Thobaity talked about Spoiled as he sat with three lifelong buddies in Baguette, a Tex-Mex restaurant in Jiddah, a Red Sea port city of about 2 million people in the far west of Saudi Arabia. Outside, rich young Saudis shopped at Hugo Boss and Bulgari and drank coffee at Starbucks -- drinking alcohol is strictly forbidden and punishable by public lashings.

They cruised until nearly dawn, wealthy boys and girls eyeing each other from inside the latest Mercedes and BMWs, white Cadillac limousines, pink Porsche SUVs and even a yellow Hummer with Monster Truck tires. In the world's richest oil-producing country, fuel prices are not a worry -- at about 60 cents a gallon, gasoline is cheaper than bottled water.

Just after midnight at Baguette, Thobaity's friend Mashhour Baeshen, 21, who is studying business administration at a local university, finished a big sloppy burger, lit up a cigarette and began that evening's quest for love.

"Anywhere there are girls, I use this," said Baeshen, a round-faced man with curly hair, activating the Bluetooth on his Nokia phone and hitting the "search" button.

Named for a 10th-century Danish king who united warring Danes, Swedes and Norwegians, Bluetooth now unites Saudi men and women who are often sitting within a few feet of each other, separated by walls and tradition. Users can choose to make themselves "visible" to all other Bluetoothers within range, whose screen names often give a hint of whether they are in the mood for flirting, such as "Princess of Roses" and "Night Stories."

Baeshen, whose Arabic Bluetooth screen name translates roughly as "The One Who Makes the Girls Crazy," said the names looked promising tonight: "I Feel Pretty," "Shaymolla" and "Think Pink" had to be the girls he could hear laughing beyond the tall wooden partition that split the restaurant.

On the men's side, about 30 guys sat in a thick haze of smoke, drinking Cokes and coffee. Many fiddled with their phones. Baeshen scrolled through the gallery of images he keeps on his phone, including a Winnie the Pooh in a bed of roses. He selected the message "You are honey," written in flowing Arabic script and oozing drops of golden honey.

He clicked on "Think Pink" and sent her the sweet greeting.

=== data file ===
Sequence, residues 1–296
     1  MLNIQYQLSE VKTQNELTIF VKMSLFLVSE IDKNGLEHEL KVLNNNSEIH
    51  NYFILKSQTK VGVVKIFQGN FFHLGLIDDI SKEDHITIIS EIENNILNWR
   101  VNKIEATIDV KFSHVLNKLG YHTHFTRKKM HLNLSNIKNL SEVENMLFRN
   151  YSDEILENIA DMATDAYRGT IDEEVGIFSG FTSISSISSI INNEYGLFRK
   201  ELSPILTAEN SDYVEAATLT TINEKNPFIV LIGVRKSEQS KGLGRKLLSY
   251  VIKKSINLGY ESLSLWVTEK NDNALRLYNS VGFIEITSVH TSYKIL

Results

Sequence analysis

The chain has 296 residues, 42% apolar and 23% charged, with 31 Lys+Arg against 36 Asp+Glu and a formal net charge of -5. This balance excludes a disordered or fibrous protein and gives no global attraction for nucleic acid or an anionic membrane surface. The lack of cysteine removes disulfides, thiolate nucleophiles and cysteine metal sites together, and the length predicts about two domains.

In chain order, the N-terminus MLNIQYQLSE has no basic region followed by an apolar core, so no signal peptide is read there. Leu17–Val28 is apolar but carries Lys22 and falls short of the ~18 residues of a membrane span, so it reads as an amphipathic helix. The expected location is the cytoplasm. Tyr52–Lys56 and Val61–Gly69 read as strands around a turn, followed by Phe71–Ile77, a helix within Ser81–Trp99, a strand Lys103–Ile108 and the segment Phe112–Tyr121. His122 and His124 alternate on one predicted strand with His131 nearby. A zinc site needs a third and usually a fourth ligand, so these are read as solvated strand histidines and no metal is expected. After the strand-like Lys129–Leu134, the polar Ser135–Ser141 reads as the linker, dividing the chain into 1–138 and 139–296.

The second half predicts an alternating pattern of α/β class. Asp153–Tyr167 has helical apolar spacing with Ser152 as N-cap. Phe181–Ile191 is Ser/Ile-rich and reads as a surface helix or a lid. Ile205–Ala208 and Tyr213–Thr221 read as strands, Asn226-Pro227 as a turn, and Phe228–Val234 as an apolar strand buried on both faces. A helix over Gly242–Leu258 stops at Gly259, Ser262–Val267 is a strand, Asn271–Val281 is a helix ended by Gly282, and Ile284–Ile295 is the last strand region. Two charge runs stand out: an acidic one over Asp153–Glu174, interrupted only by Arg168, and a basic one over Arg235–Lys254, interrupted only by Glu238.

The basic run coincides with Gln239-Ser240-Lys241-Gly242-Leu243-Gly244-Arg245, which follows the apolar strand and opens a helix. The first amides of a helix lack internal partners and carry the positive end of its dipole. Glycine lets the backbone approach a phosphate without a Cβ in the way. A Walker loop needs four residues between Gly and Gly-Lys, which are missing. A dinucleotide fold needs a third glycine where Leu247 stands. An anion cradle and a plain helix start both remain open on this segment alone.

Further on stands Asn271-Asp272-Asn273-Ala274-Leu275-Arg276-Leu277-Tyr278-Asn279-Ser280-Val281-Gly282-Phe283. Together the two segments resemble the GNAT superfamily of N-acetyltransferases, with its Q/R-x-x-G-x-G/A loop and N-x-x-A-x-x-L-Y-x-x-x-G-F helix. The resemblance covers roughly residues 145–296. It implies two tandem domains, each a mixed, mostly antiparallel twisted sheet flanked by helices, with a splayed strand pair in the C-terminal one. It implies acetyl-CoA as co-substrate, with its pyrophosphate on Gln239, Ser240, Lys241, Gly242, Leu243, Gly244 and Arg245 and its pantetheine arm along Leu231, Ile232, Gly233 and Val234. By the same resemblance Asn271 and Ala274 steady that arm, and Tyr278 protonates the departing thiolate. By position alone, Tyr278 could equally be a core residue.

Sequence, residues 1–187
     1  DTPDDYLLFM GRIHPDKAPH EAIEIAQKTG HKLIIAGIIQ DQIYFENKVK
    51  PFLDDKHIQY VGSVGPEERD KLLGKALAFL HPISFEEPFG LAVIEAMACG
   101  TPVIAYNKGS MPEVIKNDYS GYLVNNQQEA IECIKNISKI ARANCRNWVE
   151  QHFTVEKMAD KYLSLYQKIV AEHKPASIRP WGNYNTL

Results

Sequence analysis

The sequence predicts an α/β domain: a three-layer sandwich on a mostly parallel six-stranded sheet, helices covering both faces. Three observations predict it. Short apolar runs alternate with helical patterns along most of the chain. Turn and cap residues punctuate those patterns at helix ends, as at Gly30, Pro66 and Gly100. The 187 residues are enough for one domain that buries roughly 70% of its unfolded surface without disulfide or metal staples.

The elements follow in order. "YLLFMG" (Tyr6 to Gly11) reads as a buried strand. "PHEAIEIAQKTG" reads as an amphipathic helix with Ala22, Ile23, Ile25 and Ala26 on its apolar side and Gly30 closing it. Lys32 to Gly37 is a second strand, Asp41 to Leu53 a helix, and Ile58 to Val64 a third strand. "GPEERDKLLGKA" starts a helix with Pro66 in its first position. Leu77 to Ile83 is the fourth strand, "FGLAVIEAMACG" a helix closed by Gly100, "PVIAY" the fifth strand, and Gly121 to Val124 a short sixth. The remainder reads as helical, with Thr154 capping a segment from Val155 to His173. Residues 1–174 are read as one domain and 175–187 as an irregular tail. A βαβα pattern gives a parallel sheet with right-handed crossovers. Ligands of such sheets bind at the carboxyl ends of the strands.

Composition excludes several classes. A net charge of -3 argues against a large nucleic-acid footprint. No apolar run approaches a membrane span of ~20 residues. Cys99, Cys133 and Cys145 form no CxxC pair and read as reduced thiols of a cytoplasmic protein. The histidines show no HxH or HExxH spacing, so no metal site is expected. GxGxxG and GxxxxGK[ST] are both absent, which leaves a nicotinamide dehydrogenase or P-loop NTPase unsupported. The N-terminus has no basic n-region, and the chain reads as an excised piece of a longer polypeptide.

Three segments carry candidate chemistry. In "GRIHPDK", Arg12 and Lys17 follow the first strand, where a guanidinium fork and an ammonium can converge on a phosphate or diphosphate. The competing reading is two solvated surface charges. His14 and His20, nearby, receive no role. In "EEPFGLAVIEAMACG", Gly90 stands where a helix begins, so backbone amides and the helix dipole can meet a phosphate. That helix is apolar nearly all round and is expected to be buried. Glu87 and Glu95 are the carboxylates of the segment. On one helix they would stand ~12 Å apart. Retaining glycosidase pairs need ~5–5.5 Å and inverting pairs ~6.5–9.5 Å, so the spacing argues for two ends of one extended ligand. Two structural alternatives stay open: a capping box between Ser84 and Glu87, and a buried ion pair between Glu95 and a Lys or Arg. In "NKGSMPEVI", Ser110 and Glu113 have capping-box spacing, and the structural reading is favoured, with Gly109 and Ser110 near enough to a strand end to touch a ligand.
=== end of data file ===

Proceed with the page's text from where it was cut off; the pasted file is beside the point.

He watched intently as the phone told him: "Sending Data."

Then he groaned when it suddenly read: "Data Not Accepted," which meant Think Pink had rejected his digital advance.

Baeshen tried the same gambit with Shaymolla, but she wasn't buying, either.

That left I Feel Pretty.


"Sending Data."

"C'mon," Baeshen said, dragging on his cigarette.

"Data Sent."

"Aaaaah!" he said, because that meant I Feel Pretty was at least curious enough to peek at his offering.

Baeshen quickly composed and sent a follow-up text message. "I'll be happy if U would B my girlfriend," he wrote, in English, adding his real-life nickname, Meshu, and his phone number.

He said he had no illusions that love was about to bloom. He has been Bluetoothing for two years, since the technology first hit the market here, and never once has it led to an actual face-to-face meeting with a girl.

"We need this. It's really rare to meet girls here in Saudi Arabia," he said. "And to feel great in this country, you have to be married. We all want to be married. It makes you comfortable, it makes you happy. I want to be in love."

In the next two hours, Baeshen's phone lit up several times. "Nana" sent him an image of a big yellow smiley face, so he immediately responded with "I'll be happy if U would B my girlfriend" and his name and number.

Her only response was a digital photo of Madonna holding up her middle finger.

"Patience is essential," Baeshen said.

A face-to-face meeting
Spoiled called Thobaity a week after he sent his number by Bluetooth.

"I was curious," she said in a telephone interview. The 21-year-old university student had agreed to meet a reporter in person, but at the last minute her father wouldn't let her leave the house -- a typical obstacle to Saudi-style dating.